My brothers and sisters in Christ,1
It’s so good to be home!
As you know I’ve been in Rome with my brother bishops for our “ad limina” visit to see our Holy Father Pope Benedict XVI.
We really had a beautiful pilgrimage. Thank you for all of your prayers. I hope you were able to read my daily reflections and see some of the pictures on my Facebook page. You can still do that if you want to, they are up on the Internet now forever!
My brother bishops and I had the great blessing to celebrate the Eucharist at the tombs of both St. Peter and St. Paul, the apostles who are the pillars of our holy Catholic Church. I prayed for all of you in a special way during those liturgies.
We also had a wonderful meeting with the Pope. We had a warm conversation. I told him personally about the diversity of our Archdiocese, and about the active participation of our priests, Religious and lay faithful in the life of the Church. I also told him about our commitment to education in the faith and to promoting vocations to the priesthood and consecrated life. We could all feel our Holy Father’s interest and his love for each one of you.
At the end of our meeting, our Holy Father imparted his apostolic blessing on all of the people of the Archdiocese of Los Angeles. I have no words to express the beauty of that moment.
So this morning, I come home and I bring our Holy Father’s blessing to all of you and your families.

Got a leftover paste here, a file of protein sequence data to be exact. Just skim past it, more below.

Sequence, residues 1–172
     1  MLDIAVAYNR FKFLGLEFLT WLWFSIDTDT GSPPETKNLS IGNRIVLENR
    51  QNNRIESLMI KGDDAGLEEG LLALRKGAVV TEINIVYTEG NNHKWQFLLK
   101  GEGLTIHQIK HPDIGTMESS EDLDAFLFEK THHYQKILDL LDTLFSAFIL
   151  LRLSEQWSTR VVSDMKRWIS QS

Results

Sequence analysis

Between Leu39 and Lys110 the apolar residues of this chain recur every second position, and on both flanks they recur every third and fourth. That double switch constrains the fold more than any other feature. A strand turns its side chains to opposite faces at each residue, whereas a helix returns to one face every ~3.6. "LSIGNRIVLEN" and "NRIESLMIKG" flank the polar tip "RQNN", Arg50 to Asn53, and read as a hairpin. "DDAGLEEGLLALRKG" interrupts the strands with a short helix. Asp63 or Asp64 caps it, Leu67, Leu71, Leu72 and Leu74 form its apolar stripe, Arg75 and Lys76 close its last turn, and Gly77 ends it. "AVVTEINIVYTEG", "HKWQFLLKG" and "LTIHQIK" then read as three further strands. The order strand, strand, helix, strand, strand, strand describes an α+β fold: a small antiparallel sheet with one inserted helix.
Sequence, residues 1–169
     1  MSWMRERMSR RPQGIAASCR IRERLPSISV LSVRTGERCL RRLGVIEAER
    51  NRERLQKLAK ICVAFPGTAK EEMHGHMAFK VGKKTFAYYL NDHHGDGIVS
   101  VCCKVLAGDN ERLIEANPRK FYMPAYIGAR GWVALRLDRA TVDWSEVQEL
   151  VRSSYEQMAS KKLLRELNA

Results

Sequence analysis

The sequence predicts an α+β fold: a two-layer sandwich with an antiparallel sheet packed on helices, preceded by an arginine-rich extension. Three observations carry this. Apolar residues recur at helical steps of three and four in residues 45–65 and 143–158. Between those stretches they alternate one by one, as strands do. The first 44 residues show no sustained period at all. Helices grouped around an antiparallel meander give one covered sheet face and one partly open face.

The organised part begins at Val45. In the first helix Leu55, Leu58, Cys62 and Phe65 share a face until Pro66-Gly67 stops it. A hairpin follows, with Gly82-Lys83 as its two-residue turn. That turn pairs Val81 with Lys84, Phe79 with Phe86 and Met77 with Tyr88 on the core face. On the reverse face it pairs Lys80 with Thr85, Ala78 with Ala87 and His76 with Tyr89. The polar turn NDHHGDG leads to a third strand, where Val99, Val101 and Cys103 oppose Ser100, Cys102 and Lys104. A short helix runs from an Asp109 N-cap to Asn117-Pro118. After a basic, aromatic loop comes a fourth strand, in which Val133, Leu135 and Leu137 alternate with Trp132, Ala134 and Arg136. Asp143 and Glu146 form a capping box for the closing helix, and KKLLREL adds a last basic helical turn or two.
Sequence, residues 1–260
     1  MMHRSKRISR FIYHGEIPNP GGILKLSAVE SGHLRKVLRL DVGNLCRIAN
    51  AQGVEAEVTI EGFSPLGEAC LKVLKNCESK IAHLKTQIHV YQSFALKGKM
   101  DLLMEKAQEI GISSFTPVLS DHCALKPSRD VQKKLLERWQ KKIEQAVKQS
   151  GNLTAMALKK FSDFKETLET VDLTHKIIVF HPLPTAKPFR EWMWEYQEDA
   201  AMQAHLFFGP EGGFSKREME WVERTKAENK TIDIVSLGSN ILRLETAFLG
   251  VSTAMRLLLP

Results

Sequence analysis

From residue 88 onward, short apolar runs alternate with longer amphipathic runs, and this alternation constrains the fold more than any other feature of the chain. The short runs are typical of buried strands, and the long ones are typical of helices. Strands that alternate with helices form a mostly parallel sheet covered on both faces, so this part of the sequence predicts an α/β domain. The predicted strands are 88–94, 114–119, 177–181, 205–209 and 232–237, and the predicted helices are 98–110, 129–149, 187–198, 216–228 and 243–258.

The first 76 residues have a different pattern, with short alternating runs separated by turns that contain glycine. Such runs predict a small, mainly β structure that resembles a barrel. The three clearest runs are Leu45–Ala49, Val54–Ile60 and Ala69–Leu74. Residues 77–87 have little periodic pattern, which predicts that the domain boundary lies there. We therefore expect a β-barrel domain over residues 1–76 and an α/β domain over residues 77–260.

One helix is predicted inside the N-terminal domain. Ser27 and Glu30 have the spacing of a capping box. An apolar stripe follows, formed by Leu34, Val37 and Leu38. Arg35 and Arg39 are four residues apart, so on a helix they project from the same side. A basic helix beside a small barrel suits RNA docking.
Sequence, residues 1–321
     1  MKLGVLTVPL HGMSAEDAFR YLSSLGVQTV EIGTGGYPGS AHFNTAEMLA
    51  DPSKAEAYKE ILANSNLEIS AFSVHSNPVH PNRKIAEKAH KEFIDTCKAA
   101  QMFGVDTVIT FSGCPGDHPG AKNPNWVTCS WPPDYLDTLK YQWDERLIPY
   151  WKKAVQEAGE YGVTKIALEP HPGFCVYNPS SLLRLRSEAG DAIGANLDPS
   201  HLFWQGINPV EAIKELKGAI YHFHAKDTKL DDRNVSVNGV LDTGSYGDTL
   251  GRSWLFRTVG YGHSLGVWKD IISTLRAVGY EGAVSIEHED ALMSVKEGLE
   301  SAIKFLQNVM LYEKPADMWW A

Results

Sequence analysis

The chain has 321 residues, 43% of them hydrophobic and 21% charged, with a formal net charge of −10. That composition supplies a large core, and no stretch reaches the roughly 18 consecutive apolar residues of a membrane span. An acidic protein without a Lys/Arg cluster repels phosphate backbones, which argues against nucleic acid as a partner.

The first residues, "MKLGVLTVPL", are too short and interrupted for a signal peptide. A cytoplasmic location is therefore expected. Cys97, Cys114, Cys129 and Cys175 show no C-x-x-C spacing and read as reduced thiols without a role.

It’s great to be back for this Sunday, which is Good Shepherd Sunday. As we know, on the Fourth Sunday of Easter every year we always hear the beautiful promise of Jesus who is our Good Shepherd.
So this Sunday is also a special day for praying for the “shepherds” of our Church — our Pope, our bishops, our priests, deacons and seminarians.
That’s why in our first reading for today we hear about the ministry of St. Peter, our first Pope. Because, Jesus our Good Shepherd entrusted his mission to St. Peter and the apostles and their successors — to be shepherds and guardians of the people of God.2
And in our Gospel today, Jesus is speaking personally to you and to me. He tells each one of us: “I am the Good Shepherd. I know my own and my own know me. ... And I will lay down my life for my sheep.”
These words can sound a little strange to our modern ears. We are living in a big city and there aren’t too many shepherds around here. But in Jesus’ day, being a shepherd was a big job and it was a hard life.
Shepherds were totally devoted to their sheep. Guiding them to pastures so they could eat and drink. Protecting them from wolves and thieves. Going after lost sheep when they went astray.
That’s why Jesus uses this beautiful image of the Good Shepherd to describe how much he loves us. He is telling us that we belong to him. That we are his, and he is ours.
St. John is telling us the same thing in today’s second reading. Again he is speaking to each of us when he says: “What love the Father has bestowed on us — that we may be called the children of God. So we are!”